June 9, 2014
[Editor’s Note: This column was written by Tim Price, Director of Investment at PFP Wealth Management and frequent Sovereign Man contributor.]
“Are we finished ? The answer is no.”
– Mario Draghi, President of the European Central Bank, 5th June 2014, having just cut ECB deposit rates to minus 0.1 percent.
“The first panacea for a mismanaged nation is inflation of the currency; the second is war. Both bring a temporary prosperity; both bring a permanent ruin. But both are the refuge of political and economic opportunists.”
– Ernest Hemingway.
“The way to crush the bourgeoisie is to grind them between the millstones of taxation and inflation.”
– Vladimir Lenin.
If it looks like insanity, smells like insanity, tastes like insanity, feels like insanity and struts about barking, “This is insanity”, then perhaps it might just be insanity.
“We were in the jungle. We had too much money. We had too much equipment. And little by little, we went insane.”
Not the words of Mario Draghi – yet. They are the words of film director Francis Ford Coppola in relation to his magnum opus, ‘Apocalypse Now’, a film that so outrageously exploded beyond its budget and beyond any reasonable compass that during its making it started being referred to as ‘Apocalypse Later’.
Coppola’s unique vision came at a price. What was expected to be a 14-week shoot in the Philippines ended up taking more than a year. Coppola fired his leading man, Harvey Keitel, after just two weeks. His replacement, Martin Sheen, turned out to be fighting alcohol addiction and suffered a heart attack on set.
Numerous members of the crew went down with tropical diseases. At key points, helicopters hired for pivotal action sequences were suddenly redirected to quell a revolt in the southern Philippines. Then a typhoon hit, the set was destroyed and the production was shut down.
Throughout all of it, Coppola was dealing with increasingly worried money men back in Hollywood as the film’s budget ran dry. As the film’s scriptwriter, John Milius, pointed out: “Studio executives, you know, are not noted for their social courage”.
And then Marlon Brando arrived on set, so hugely overweight as to be almost unrecognisable. He didn’t have the barest knowledge of the script. Then he shaved all his hair off and insisted on improvising all of his scenes.
And there were actual dead bodies on the set, bought to add some ‘atmosphere’ from a local who turned out to be a grave-robber.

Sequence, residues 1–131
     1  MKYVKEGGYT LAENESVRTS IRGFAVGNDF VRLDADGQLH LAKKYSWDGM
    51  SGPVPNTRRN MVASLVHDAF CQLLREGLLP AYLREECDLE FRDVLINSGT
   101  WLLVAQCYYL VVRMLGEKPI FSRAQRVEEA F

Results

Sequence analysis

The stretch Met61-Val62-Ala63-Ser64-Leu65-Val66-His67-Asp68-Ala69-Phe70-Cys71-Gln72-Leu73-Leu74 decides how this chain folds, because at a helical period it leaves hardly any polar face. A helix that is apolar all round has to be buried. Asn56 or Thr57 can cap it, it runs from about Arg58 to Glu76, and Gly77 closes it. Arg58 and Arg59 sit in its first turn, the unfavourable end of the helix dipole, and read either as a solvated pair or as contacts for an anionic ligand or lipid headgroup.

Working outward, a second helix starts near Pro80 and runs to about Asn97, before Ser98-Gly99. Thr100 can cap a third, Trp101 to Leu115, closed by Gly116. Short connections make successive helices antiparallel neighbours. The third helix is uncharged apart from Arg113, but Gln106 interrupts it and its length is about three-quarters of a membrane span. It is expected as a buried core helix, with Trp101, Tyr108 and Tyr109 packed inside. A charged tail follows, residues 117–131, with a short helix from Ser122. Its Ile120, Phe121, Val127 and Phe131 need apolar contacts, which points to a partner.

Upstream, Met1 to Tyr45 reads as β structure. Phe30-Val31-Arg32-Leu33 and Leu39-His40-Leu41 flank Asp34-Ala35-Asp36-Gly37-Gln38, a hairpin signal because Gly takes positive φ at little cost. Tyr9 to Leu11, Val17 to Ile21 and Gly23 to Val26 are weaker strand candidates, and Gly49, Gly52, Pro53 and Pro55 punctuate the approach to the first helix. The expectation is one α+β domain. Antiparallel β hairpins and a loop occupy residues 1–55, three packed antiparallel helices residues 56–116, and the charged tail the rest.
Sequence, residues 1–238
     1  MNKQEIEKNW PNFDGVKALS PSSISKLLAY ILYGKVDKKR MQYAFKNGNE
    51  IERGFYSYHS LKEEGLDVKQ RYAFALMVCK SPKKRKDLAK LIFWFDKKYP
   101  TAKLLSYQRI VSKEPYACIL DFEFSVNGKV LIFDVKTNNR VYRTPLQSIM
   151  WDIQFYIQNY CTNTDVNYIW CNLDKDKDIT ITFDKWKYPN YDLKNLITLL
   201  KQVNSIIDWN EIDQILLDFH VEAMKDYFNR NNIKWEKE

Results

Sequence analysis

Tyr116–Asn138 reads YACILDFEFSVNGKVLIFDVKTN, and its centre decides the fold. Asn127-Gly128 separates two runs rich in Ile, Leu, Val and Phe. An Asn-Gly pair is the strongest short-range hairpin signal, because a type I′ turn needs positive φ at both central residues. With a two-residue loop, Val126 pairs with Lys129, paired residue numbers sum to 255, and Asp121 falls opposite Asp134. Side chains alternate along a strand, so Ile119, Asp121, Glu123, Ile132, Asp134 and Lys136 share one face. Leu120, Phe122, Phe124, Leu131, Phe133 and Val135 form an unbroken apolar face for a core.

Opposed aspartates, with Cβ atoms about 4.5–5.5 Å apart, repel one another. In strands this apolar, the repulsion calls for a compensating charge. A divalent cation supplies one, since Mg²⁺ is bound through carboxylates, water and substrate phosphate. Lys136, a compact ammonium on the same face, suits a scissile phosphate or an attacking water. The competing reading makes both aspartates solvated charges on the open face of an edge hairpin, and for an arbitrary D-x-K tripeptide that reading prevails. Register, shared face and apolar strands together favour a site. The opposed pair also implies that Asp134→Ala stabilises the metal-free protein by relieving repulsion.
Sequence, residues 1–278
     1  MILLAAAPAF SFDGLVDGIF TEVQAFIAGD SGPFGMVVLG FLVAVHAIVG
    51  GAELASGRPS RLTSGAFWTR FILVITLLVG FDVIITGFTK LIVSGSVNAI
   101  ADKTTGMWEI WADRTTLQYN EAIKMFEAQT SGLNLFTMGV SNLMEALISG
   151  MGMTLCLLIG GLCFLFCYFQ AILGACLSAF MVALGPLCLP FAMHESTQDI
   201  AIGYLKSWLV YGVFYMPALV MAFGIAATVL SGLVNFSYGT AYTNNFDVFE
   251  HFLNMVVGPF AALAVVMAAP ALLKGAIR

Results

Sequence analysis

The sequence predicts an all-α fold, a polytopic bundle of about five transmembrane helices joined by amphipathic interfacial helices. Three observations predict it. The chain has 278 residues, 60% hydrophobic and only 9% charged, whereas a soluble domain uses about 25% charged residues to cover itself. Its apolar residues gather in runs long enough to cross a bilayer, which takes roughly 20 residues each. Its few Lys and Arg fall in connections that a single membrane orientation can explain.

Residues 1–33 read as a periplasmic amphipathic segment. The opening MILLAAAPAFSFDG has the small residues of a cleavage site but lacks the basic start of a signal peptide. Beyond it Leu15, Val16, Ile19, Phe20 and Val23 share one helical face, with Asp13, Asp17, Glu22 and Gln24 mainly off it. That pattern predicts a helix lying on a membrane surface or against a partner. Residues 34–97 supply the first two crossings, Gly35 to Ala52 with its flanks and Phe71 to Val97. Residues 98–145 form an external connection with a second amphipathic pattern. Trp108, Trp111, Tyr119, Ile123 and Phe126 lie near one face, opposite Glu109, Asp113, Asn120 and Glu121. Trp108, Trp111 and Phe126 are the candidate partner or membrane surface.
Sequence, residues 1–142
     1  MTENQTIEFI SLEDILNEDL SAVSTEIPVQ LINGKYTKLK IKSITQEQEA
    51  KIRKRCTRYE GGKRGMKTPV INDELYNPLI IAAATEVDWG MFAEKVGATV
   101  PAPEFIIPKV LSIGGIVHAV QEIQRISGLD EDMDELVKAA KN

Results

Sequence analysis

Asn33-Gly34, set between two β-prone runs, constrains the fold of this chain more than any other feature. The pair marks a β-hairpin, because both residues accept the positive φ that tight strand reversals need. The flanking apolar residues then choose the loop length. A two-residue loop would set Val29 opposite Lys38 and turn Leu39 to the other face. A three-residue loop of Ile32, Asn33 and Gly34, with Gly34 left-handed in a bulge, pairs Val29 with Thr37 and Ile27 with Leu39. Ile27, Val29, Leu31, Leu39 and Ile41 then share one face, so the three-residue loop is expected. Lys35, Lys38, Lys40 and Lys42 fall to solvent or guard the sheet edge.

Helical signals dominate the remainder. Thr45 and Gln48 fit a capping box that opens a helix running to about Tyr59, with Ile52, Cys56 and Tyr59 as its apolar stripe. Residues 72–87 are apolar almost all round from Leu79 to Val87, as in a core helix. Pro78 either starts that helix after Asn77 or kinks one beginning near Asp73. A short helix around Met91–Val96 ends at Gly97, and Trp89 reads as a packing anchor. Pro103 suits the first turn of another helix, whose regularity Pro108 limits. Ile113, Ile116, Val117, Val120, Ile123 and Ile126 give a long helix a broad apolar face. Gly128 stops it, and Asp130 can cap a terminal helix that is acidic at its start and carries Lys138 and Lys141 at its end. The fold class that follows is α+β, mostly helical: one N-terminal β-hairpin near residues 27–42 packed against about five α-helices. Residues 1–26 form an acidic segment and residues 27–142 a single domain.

Coppola had sunk his own life savings into the film. He faced financial ruin if he couldn’t finish it. He suffered a nervous breakdown and on at least three separate occasions allegedly threatened to commit suicide.
“My movie is not about Vietnam,” he once explained, “my movie is Vietnam.”
The markets are not about Vietnam. They are Vietnam. There’s a difference, of course. When a film studio runs out of capital, the production gets shut down.
Corporate resources can only ever be finite. But when a government runs out of capital, it simply borrows more. Or taxes more. Or both. At least for as long as it has access to credit by way of maintaining the confidence of the bond market.
Practically every western government has got its finances into a desperate mess. In the words of US fund manager Paul Singer of Elliott Management, “America is deeply insolvent, and for that matter, so are most of continental Europe, the UK and Japan.”
For as long as governments can perpetuate the illusion of solvency, they can continue to borrow, and therefore also to spend. But once the illusion is broken…
We all know that Japan is drowning in debt, which makes Japanese Government Bonds about the most dangerous asset in the world right now, especially given the Bank of Japan’s pledge to double its monetary base, ensuring that holders of JGBs will be paid back in ever less valuable currency.
But the vulnerability of the UK’s creditworthiness is less widely appreciated. Pimco’s Bill Gross, still clinging on to the $229 billion remaining in his Total Return bond fund, referred to UK Gilts as “resting on a bed of nitroglycerine” as far back as 2010.
The UK is hardly alone in running its national treasury on empty. Not one single major western government possesses a stable balance sheet. Everybody has thrown caution to the winds, in the illusory hope that ultimately somebody will pay.
If you hold western government bonds, that somebody is likely to be you.
Actions have consequences. Governments are no different from individuals or corporations or film studios in this respect – they can merely perpetuate the myth of solvency for longer, given the credulity of global capital markets and of agency investors with no real skin in the game in their bond portfolios.
But at some point, the piper must be paid. Which is why every major western government is determined to inflate, and pay the piper (bondholders) in ever more worthless paper money.
And this is why Mario Draghi has now driven interest rates to below zero. The natural corollary to universal currency debasement is to own a currency and durable store of value that cannot be printed on demand. If only we could find one.